WELL, this was certainly different.

The Levellers are usually brightly dressed in garish shirts, bouncing around the stage and purveying pretty loud alt-folk rock.

But here they were, all dressed demurely in black (apart from frontman Mark Chadwick’s bright white trainers), sitting calmly on chairs and playing what they described, in the widest of terms as ‘acoustic’ music.

Now, to my mind, electric keyboards and bass are not necessarily acoustic, but that’s splitting hairs and this gig wouldn’t have been half as good if it had been just six blokes arranged around a single microphone with fingers in their ears.

Indeed, it wasn’t even just six Levellers – they were augmented by three more souls from art-rock band Moulettes, delivering the likes of percussion, slide guitar and five-string cello – into a pretty full sound.

We were lucky to see them at all, the previous night’s gig at Hackney Empire having been scrapped due to a family bereavement, but they were back, professional as ever.

Essentially, this tour is showcasing Together All The Way, the second ‘Collective’ acoustic album of stripped back songs given a more folkie treatment, and a couple of new numbers, hence the producer being Sean Lakeman. The vast majority of its tracks were performed, of course.

And it was also a chance to see relatively new member, the multi-instrumentalist Dan Donnelly, once of Celtic Social Club and briefly, The Wonder Stuff, who has fitted in seamlessly with his mandolin, guitar, ukulele, harmonica and much more.

With stalwarts Jez Cunningham, bass, Charlie Heather, drums, Matt Savage, keyboards and the unfeasibly tall Jon Sevink on fiddle, this had all the making of a real event.

However, it started slowly, with The Game, from classic album Levelling The Land, followed by the traditional Lowlands Of Holland and Liberty Song, but Chadwick is nothing if not great at building an atmosphere and the arrival of Levellers’ standard Battle Of The Beanfield got things moving.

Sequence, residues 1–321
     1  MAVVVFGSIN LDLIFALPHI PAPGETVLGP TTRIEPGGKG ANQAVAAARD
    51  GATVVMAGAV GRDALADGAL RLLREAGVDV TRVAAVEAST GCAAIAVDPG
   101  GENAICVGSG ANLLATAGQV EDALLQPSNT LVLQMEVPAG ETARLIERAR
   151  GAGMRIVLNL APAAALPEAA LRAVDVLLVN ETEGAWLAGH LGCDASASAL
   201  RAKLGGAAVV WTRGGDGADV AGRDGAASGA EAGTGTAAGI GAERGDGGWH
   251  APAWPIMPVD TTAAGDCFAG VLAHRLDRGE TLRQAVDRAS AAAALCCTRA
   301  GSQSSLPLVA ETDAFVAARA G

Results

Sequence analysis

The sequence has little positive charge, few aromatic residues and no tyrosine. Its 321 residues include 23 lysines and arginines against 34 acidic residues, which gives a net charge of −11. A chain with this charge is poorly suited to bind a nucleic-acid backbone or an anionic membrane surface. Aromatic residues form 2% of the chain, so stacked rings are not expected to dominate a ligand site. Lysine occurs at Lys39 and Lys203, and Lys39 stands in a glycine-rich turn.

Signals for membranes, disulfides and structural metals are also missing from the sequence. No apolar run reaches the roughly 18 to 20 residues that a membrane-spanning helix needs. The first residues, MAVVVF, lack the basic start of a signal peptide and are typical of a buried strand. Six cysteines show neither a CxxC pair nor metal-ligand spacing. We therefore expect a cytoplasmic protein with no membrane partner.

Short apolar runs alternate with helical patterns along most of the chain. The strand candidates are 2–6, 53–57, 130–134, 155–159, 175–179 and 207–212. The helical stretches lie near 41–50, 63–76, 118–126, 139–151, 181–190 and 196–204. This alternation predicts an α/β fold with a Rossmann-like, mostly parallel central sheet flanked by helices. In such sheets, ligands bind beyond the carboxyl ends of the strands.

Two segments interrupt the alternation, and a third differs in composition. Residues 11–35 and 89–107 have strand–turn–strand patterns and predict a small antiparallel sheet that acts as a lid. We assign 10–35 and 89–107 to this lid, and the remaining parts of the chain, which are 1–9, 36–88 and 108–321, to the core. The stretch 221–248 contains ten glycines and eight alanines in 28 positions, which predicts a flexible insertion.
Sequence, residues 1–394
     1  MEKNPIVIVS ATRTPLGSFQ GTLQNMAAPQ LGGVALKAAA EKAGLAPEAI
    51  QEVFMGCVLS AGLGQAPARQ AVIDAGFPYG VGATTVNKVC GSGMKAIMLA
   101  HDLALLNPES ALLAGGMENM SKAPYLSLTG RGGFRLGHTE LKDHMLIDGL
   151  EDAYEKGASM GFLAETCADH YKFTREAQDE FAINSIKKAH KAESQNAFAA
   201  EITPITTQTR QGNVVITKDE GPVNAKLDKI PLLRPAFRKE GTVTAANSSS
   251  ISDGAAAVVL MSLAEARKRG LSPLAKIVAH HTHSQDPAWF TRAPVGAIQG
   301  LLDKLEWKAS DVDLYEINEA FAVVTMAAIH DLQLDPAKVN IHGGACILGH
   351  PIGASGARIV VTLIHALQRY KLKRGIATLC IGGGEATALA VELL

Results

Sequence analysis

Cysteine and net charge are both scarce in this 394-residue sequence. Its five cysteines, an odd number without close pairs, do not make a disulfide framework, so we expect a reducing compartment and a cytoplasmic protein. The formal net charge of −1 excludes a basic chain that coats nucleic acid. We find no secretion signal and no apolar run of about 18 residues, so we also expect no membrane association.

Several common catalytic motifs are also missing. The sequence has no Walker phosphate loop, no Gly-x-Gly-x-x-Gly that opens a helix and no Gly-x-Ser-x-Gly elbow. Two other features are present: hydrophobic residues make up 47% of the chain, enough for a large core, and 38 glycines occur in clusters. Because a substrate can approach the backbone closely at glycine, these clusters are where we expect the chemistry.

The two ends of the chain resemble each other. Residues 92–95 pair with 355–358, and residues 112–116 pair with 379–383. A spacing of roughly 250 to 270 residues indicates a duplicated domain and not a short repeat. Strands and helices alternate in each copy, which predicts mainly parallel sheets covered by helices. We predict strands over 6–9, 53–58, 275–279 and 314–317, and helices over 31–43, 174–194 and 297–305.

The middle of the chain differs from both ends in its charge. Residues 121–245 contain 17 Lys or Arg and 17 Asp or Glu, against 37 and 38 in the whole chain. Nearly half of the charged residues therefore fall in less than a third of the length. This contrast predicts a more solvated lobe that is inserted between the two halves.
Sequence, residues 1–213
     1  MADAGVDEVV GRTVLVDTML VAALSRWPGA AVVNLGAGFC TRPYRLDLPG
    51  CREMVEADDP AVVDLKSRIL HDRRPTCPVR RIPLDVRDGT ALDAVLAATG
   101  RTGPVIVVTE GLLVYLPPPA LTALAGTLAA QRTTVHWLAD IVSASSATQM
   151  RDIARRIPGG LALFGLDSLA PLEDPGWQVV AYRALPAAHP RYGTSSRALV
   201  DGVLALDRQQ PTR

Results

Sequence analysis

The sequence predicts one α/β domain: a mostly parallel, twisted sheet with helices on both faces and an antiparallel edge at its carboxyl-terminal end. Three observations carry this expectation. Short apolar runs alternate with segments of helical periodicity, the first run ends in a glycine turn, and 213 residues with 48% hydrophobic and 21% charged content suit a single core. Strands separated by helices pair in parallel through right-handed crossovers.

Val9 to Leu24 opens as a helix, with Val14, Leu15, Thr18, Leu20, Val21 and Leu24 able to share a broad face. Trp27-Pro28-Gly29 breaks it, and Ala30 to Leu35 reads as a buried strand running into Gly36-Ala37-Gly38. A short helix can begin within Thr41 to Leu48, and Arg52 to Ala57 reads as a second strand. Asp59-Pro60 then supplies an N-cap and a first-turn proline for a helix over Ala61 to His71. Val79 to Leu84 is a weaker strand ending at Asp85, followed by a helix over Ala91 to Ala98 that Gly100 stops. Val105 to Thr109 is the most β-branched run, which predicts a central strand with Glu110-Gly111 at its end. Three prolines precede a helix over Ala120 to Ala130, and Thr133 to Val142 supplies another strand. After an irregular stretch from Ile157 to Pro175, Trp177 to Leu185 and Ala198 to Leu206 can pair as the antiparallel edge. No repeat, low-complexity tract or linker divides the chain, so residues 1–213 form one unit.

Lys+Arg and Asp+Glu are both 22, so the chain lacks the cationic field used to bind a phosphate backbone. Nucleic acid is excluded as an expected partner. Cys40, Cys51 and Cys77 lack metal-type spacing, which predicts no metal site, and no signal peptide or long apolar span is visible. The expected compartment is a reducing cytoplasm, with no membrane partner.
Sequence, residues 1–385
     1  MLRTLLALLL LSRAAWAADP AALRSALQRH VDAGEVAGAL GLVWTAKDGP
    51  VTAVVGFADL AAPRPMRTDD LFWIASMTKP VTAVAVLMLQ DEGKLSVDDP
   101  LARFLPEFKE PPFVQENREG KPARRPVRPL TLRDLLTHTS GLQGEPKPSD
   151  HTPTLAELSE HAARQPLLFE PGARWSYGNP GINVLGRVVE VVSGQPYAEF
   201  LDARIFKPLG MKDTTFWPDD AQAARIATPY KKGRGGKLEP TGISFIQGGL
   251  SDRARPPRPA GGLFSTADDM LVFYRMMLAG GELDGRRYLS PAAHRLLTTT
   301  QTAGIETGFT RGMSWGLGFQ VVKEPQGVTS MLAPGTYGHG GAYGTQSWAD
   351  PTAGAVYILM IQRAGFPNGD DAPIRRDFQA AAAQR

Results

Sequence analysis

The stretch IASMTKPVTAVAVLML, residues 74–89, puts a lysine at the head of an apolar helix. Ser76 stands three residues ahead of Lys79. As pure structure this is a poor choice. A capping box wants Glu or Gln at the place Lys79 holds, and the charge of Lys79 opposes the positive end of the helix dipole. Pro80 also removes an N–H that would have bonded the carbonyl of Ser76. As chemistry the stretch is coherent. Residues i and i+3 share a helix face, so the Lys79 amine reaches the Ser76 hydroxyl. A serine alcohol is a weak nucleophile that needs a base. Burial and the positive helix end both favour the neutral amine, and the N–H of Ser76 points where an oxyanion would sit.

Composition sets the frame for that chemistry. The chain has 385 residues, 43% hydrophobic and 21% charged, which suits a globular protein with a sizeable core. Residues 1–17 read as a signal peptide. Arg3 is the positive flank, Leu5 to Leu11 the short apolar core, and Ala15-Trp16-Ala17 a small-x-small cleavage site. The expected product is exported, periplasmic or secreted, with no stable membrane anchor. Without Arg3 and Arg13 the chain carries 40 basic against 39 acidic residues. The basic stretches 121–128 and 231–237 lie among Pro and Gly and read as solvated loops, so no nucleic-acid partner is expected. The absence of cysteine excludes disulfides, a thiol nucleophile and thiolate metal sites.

Although it took until nearly the end of the 75-minute set for the audience the rise to the occasion, it was one of those warm-natured gigs with the crowd and band perfectly in tune.

Drug Bust McGee, title track Together All The Way, Sitting In The Social and the sublime, new, Man O’ War followed. By the time old favourite Julie made an appearance, things were buzzing.

The relatively new Ghosts In The Water preceded Born That Way and Haven’t Made It before crowd pleaser The Boatman, The Cholera Well, The Road and Far From Home closed a fine set.

Back swiftly, the nonet rampaged (if one can rampage while seated) through Hope Street and a rousing version of Rev Hammer’s Down By The River ‘O’ before they finally departed via the classic drinking song Just The One. Magic stuff.

Sadly, no 15 Years, Dog Train, Belarus or Exodus, but one can’t have everything!

Support came from the fast rising Wilswood Buoys, from Mersea Island, Essex, two guys and two acoustic (in the true meaning) guitars channelling Frank Turner to the nth degree.

They’ve supported Saint Frank, got him to produce them and had a few good tunes from debut album A New Beginning, particularly Crisis, but also Must Be Love, Save The Queen and A Place To Call My Own.

They were also stopping off at the Firkin Shed in Bournemouth the following night for a free gig on their way home.